The cemetery is also home to notable figures from the District’s past including Katherine Graham, the longtime publisher of the Washington Post whose tenure at the paper’s helm from the 1963 to 1991 saw the publication cover the minute happenings of D.C. and the grand-scale political operas, like the Watergate scandal, that played out.

Dupont Little Flea Market

If you choose to lead your tour on a Sunday, bring your family and friends to the Dupont Circle Farmers Market and Little Flea Market, two markets which together cover most of the Dupont Circle neighborhood. The food-focused farmers market is open 8:30 a.m. to 1:30 p.m., while the flea market is open and full of tchotchkes from 10 a.m. to 3 p.m.

The Little Flea market is your best bet to bring family members who are fans of both history and thrifting, with art and antiques from around the world, letting one see how frequently D.C. intersects with international politics. 

Heurich House

If your family tasks you with tour guiding on a day other than Sunday, stop by the Heurich House, also in Dupont Circle, for a different taste of the District’s international flavor — specifically, one that tastes like beer.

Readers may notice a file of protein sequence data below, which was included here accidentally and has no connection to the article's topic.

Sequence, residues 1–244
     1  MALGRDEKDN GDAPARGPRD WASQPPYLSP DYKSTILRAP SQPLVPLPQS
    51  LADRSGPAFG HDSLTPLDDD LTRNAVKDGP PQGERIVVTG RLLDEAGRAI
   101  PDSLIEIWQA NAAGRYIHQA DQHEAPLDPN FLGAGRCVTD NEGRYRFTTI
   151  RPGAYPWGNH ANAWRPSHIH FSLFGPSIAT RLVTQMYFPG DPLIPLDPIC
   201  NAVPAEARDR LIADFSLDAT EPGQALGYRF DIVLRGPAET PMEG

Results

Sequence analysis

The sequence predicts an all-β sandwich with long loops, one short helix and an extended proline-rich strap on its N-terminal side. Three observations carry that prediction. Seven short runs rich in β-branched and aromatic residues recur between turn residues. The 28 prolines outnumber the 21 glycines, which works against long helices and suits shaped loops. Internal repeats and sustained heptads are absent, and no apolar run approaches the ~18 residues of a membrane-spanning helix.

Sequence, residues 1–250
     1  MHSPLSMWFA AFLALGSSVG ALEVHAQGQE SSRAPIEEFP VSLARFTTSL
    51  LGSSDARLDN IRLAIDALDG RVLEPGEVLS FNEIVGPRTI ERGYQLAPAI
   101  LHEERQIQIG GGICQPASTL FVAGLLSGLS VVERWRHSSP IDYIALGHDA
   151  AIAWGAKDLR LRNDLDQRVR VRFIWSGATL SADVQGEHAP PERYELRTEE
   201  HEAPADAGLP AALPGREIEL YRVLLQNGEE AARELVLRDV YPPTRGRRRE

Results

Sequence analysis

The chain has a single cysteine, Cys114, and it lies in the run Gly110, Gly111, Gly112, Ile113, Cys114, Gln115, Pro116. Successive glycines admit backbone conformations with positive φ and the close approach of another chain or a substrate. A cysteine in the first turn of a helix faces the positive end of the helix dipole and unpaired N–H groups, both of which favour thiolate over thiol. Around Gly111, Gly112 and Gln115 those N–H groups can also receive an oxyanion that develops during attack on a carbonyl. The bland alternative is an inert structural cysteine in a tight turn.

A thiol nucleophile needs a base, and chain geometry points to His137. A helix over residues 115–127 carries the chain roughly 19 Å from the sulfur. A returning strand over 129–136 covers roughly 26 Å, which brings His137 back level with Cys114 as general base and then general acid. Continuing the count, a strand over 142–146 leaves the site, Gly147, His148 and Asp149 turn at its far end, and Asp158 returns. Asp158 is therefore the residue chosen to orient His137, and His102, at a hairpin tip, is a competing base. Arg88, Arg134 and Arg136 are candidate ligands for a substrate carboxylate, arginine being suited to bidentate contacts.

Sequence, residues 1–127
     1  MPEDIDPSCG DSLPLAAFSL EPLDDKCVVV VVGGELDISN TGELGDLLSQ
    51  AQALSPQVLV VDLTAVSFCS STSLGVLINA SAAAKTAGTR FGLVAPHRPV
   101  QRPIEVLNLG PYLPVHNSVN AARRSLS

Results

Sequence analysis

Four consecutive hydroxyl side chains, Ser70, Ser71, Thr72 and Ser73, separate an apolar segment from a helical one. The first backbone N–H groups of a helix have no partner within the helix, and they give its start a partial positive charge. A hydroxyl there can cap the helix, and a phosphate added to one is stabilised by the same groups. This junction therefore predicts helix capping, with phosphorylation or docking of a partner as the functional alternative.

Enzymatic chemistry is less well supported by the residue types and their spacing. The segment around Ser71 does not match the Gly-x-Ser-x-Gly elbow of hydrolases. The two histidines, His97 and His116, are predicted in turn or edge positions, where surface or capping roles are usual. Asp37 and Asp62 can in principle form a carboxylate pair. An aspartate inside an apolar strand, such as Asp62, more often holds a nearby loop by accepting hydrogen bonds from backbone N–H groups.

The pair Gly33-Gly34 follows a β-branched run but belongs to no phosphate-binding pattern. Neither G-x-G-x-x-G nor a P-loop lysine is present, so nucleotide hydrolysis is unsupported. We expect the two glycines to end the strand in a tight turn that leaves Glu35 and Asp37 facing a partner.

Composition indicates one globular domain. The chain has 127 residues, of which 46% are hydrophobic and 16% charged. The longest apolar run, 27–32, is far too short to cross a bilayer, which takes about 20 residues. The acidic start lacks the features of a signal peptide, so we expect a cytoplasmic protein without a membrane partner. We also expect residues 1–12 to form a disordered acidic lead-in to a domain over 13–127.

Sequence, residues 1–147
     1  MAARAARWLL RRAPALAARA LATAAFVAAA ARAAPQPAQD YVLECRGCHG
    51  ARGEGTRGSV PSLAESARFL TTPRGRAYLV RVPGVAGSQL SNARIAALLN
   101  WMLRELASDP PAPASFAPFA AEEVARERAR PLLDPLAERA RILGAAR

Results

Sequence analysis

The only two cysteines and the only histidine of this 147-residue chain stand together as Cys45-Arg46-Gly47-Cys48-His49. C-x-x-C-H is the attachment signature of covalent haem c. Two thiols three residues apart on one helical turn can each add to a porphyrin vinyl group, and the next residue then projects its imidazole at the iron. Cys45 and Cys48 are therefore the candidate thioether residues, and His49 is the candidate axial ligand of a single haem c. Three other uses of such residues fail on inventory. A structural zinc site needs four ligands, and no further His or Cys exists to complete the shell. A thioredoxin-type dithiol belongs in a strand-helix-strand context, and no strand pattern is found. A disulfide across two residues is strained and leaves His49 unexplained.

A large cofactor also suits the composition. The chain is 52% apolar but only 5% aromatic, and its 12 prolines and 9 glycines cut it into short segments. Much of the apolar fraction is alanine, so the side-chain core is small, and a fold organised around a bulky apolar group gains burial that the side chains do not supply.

The gothic house was built in 1892 and was nicknamed the Brewmaster’s Castle, serving for many years as the base of operations for German American immigrant Christian Heurich’s brewing company. While it no longer actively churns out ales, the house is now a museum intended to explore Heurich’s experience as a German American immigrant living in D.C. during the late 1800s.

Ben’s Chili Bowl

Finally, wander 25 minutes from Dupont Circle to U Street, a historically Black neighborhood. The area has a vibrant jazz scene, denoted by sites for jazz legend and D.C. native Duke Ellington, spanning from his boyhood home in the neighborhood to jazz murals on the sides of parking garages.

Grab dinner at Ben’s Chili Bowl, a vibrant diner known for its chili half-smoke, a pork and beef hot dog topped with spicy chili. The half-smoke is the closest thing D.C. has to a signature food item as the hot dog variation is one of the few dishes which emerged within the DMV and continues to populate the area, from the original Ben’s to DCA to Nationals Park, giving you a  chance to introduce your family to the culinary culture of your soon-to-be alma mater.

Then-newlyweds Ben and Virginia Ali founded the diner in 1958 — and Virginia may even stop by your table to say hi as she still works at the restaurant. Photos from the March on Washington on the walls of Ben’s, where the Alis donated out their signature half-smoke, show the restaurant has long been woven into D.C. politics. Over its six decades of existence, countless visitors have munched on hot dogs at Ben’s — from Barack Obama and Pope Francis to Kevin Hart and Chance the Rapper — so join the diner’s legendary crowd before your time at GW comes to an end.